Leading groups with future alumni (ie current clients)

Spring 2015 Collaborative Session Notes

Spectrum of Attitudes: How We Approach our Alumni

Conveners: Stacy Rosay, CCAR, [email protected]

Lorie Obernauer, LO Group, Inc. [email protected]

Scribe: Lauren Kirschberg, Pine Grove, [email protected]

Participants:

Gates, Chris MAP [email protected]
Kelinpeter, Felicia St. Christophers [email protected]
O’Shea, Brian New Beginnings [email protected]

Summary:

List 3 (or more) important ideas offered by the convener.

  1. People viewed as objects
  2. People viewed as recipients
  3. People viewed as resources
  4. Relationships can be: parent/child, manager/subordinate, teacher/student, husband/wife, therapist/patient, etc.

List 3 (or more) great ideas offered by the participants.

  1. All three spectrum of attitudes have their place in this world, the trick is to figure out which one is at play and if it is appropriate
  2. When people arrive at treatment they have already been treated as objects and recipients, it’s time to treat them as a resource
  3. There are very different feelings associated with each attitude (see below)

Other things discussed:

Definitions of Spectrum of Attitudes:

  1. People Viewed as Objects
  2. One person “knows what’s best” for another person and thinks he/she has the right to determine the circumstances under which the other should exist. The person being viewed as an object usually knows it.
  3. Feelings associated: shame, anger, powerless, resentment, worthless, pointless, disposable, waste of space
  4. Example: being at the DMV, you are a cog in the wheel, an object
  5. People Viewed as Recipients
  6. Person still thinks they know what’s best for another, but an opportunity is “given” to “participate” in the decision making process for the “good” of the person or group.
  7. Feelings associated: anger, manipulated, stupid, guilty, gullible, disappointed, duped
  8. Example: boss has made a plan of action already but presents options to employees and “guides” them to choose his already made decision. Wasting everyone’s time.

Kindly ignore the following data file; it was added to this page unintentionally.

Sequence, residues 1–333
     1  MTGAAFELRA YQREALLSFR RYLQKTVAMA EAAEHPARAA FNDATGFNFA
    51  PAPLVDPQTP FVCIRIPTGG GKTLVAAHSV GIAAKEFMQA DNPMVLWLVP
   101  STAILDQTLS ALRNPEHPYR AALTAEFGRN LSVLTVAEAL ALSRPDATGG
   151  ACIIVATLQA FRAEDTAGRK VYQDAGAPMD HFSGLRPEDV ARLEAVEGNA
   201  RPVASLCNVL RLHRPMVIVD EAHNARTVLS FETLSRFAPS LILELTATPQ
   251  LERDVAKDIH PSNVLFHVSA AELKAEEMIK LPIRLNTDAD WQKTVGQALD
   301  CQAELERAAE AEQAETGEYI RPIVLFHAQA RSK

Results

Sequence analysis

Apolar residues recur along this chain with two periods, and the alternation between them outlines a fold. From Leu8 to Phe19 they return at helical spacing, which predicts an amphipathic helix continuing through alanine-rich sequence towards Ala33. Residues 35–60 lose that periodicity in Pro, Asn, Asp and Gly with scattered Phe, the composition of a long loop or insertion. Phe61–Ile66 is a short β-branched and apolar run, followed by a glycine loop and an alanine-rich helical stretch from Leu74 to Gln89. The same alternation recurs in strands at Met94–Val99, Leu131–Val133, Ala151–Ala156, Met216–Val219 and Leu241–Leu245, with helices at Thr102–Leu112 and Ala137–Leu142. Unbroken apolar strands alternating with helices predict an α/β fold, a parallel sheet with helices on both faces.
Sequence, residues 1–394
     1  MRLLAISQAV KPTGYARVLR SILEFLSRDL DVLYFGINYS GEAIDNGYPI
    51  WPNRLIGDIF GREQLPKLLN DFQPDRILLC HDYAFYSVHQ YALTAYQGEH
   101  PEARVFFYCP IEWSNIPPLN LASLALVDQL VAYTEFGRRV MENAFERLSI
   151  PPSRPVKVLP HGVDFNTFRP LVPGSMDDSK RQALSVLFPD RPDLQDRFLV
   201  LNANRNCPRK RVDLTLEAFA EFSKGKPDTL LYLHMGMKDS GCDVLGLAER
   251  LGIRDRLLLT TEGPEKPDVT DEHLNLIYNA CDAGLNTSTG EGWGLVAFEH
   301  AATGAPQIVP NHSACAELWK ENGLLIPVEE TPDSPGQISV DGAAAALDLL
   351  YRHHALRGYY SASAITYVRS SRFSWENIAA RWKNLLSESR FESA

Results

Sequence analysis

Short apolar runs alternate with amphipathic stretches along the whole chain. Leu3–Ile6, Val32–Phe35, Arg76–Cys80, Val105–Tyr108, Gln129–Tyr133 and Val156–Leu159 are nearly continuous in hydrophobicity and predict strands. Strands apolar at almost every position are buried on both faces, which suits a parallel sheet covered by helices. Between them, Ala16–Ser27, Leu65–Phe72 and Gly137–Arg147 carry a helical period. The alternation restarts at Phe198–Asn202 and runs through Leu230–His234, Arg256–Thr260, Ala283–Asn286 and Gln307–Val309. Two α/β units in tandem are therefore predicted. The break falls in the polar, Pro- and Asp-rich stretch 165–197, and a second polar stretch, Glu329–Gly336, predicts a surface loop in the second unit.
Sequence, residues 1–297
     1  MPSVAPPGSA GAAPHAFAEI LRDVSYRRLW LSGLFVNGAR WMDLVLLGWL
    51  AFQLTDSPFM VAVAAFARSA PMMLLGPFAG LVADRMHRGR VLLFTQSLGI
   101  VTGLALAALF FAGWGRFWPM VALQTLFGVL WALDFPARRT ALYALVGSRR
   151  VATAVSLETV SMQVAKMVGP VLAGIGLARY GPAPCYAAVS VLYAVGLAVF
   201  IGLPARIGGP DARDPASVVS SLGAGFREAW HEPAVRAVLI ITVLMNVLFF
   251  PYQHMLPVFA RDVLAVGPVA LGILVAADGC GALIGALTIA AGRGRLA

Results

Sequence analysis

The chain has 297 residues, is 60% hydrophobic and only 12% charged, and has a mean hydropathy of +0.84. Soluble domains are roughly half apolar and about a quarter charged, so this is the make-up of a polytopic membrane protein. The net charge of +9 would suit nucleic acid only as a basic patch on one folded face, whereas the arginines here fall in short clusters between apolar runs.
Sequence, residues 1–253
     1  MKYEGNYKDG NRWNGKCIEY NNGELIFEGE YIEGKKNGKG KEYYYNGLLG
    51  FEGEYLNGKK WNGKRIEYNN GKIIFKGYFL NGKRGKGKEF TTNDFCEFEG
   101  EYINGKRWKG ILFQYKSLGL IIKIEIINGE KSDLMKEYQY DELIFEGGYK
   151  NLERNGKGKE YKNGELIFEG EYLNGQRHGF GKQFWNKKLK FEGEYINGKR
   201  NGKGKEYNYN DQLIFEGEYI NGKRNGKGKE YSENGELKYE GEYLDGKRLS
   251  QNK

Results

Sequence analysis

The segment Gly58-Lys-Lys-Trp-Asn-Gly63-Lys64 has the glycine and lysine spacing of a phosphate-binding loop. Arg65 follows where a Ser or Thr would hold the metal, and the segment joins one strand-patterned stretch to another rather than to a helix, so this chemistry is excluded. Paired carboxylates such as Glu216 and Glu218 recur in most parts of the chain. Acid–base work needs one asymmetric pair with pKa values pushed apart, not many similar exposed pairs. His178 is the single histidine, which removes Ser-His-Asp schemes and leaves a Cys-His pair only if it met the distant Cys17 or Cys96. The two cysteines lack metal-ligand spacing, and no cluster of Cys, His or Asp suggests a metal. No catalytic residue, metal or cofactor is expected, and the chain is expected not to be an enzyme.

9. People Viewed as Resources
  10. Attitude of respect from one person toward the other about what a person is able/wants to do. Creates self-esteem and productivity.
  11. Feeling associated: respected, valuable, empowered, useful, pride of ownership
  12. Example: engaging people as active participants in their own lives, autonomy

2015 Fall Collaborative Notes

Facilitating Groups

Convener: Jef Mullins, Waters Edge Recovery [email protected]

Scribe:  Emili Barbour, New Directions [email protected]

Participants:  Adam Bough, Waters Edge Recovery [email protected]

What are the different groups

  • Discussion
  • Process
  • Lecture

What should we not do?

  • Never speak to the wall
  • Try to avoid putting yourself in a position to be reading something aloud the whole time
  • Don’t have lengthy Power Points or hand-outs with too much info

The spectrum of different kinds of groups

What can go wrong? When is it not safe?

  • We get into a topic we don’t know much about
  • There is negativity
  • Then we start to feel shame

How do you handle these situations?

  • When we felt scared and then doubting ourselves, there was a level of counter transference. That’s how the group was feeling
  • The group is a shared opportunity for group

We must trust in self and in group

When clients are in the least structural environments they must feel safe and held.  This is how they come back.

3 Basic Principles of groups going wrong

  • Fight or flight
  • Pairing
  • Dependency

How to turn negativity around

  • Acknowledge the error
  • Accept its not ideal
  • Place the power back into their hands

Don’t go somewhere if you don’t know where it’s going.

The safest group to have is a lecture

When you are planning to do a group consider these:

  • Size – bigger the group, the less the discussion should have
  • Strength – where are they in the recovery journey?
  • Is anything going on?

David Best

12 people  in a group  – perfect number, everyone plays a part without disappearing and without feeling overwhelmed

Always be mindful of the theme  – forward looking themes are very safe

We want freedom to instead of freedom from

Recovery Capital  (Need to support our alumni in all 3 of these areas)

  • House
  • Job/School
  • Friends

Good Group  –  WIG “Wildly Important Goals”

If someone was to make a video of your life, what would it look like?

  • Get specific
  • Only clue – You’re Happy

Tricks to bring it back

  • Pick a theme and write it on a board to subliminally remind them
  • When you start, say “we are talking about ____, is everyone ok with that?”
  • This is an upfront contract. So when it gets off track, ask “if you’re ok, can I pull the group back to our topic?”
  • “And I wonder whether that’s something that you’ve used on?” When someone talks about something painful in the past
  • “How does it feel now that you have shared?”

How many people go through NDFW in a year?

What can I do?

  • Experience the volunteering to want to do it again
  • Gifts
  • Service opportunities
  • Defining roles – clear roles

The goal:  Create experience for them that they thirst for and can’t wait for the next one

Phone-a-thon – contact women

Current and future for Tuesday event/meeting

Currency of Hope

 

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Contact Information

Treatment Professionals in Alumni Services
PO Box 93824
Phoenix, AZ 85020
(720) 443 2369

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